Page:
Brain natriuretic peptide and NT-proBNP levels reflect pulmonary artery systolic pressure in trekkers at high altitude.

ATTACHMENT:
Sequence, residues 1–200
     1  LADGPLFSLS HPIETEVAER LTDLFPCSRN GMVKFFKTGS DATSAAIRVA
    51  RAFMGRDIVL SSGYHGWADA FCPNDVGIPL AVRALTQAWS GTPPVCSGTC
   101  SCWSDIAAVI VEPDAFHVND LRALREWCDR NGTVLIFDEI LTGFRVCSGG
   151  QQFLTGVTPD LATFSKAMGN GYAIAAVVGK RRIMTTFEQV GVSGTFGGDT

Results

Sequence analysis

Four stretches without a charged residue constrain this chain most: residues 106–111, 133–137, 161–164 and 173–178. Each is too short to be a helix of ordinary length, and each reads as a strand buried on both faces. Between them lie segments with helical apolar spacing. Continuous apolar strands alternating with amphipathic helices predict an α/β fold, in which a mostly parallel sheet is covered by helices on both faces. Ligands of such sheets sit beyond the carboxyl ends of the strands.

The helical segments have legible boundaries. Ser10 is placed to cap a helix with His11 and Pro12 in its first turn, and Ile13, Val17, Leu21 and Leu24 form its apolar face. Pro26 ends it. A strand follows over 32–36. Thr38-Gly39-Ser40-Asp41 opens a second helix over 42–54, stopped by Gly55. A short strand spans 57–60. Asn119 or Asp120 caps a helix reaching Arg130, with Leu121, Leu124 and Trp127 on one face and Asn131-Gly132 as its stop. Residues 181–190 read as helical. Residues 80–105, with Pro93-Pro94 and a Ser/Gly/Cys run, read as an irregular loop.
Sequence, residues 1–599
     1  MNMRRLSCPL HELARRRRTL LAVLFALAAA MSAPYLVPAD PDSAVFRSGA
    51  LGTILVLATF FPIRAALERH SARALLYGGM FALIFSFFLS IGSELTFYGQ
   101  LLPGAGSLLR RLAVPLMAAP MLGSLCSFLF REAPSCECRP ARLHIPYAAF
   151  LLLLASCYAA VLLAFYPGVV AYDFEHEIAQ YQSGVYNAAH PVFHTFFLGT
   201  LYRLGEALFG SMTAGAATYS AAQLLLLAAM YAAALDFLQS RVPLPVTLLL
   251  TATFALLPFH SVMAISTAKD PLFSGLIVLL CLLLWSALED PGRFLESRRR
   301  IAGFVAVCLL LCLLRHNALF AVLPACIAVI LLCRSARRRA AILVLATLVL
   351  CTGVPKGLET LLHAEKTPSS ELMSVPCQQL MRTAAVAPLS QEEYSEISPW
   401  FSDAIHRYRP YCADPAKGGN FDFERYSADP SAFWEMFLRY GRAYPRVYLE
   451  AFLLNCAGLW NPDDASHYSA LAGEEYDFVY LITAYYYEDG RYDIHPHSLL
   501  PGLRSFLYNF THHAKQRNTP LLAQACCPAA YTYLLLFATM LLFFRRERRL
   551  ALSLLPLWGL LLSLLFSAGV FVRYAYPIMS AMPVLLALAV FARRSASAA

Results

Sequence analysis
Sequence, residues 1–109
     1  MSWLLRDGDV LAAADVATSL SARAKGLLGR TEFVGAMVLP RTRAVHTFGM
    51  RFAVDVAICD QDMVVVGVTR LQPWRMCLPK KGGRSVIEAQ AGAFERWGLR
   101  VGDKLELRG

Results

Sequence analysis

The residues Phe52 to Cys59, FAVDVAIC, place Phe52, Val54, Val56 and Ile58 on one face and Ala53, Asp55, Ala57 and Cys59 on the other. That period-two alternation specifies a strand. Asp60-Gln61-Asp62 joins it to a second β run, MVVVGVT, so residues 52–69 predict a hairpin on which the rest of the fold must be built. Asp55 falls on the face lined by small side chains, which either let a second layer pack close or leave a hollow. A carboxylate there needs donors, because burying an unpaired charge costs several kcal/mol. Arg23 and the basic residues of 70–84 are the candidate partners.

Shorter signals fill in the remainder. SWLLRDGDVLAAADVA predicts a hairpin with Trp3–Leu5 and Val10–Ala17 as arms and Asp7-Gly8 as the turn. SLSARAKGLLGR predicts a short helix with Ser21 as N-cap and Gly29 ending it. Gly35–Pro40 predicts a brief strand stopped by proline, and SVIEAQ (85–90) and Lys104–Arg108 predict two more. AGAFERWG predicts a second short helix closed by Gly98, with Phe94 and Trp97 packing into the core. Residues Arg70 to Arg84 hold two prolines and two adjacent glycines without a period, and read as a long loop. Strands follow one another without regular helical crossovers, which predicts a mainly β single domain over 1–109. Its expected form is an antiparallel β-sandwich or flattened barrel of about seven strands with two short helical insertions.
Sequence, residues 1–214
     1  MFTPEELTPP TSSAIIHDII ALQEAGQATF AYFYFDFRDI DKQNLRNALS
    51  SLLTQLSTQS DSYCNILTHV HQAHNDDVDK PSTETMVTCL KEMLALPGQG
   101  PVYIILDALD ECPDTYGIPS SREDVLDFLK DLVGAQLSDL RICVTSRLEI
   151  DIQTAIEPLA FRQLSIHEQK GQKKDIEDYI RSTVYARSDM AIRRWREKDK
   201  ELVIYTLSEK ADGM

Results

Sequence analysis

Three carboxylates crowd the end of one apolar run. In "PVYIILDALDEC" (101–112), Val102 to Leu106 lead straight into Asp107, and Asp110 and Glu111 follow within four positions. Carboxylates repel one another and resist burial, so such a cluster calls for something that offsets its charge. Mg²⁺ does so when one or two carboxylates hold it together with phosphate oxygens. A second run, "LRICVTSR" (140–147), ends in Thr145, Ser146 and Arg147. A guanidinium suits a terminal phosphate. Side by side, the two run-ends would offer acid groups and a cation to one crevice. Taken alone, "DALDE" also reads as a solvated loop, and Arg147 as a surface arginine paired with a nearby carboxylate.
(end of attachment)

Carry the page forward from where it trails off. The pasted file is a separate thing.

Our objective was to evaluate the utility of the natriuretic peptides BNP (brain natriuretic peptide) and NT-proBNP as markers of pulmonary artery systolic pressure (PASP) in trekkers ascending to high altitude (HA). 20 participants had BNP and NT-proBNP assayed and simultaneous echocardiographic assessment of PASP performed during a trek to 5150 m. PASP increased significantly (p=0.006) with ascent from 24+/-4 to 39+/-11 mm Hg at 5150 m. At 5150 m those with a PASP>/=40 mm Hg (n=8) (versus those with PASP<40 mm Hg) had higher post-exercise BNP (pg/ml): 54.5+/-36 vs. 13.4+/-17 (p=0.012). Their resting BNP at 5150 m was also higher: 57.3+/-43.4 vs. 12.6+/-13 (p=0.017). In those with a pathological (>/=400 pg/ml) rise in NT-proBNP at 5150 m (n=4) PASP was significantly higher: 45.9+/-7.5 vs. 32.2+/-6.2 mm Hg (p=0.015). BNP and NT-proBNP may reflect elevated PASP, a central feature of high altitude pulmonary oedema, at HA.
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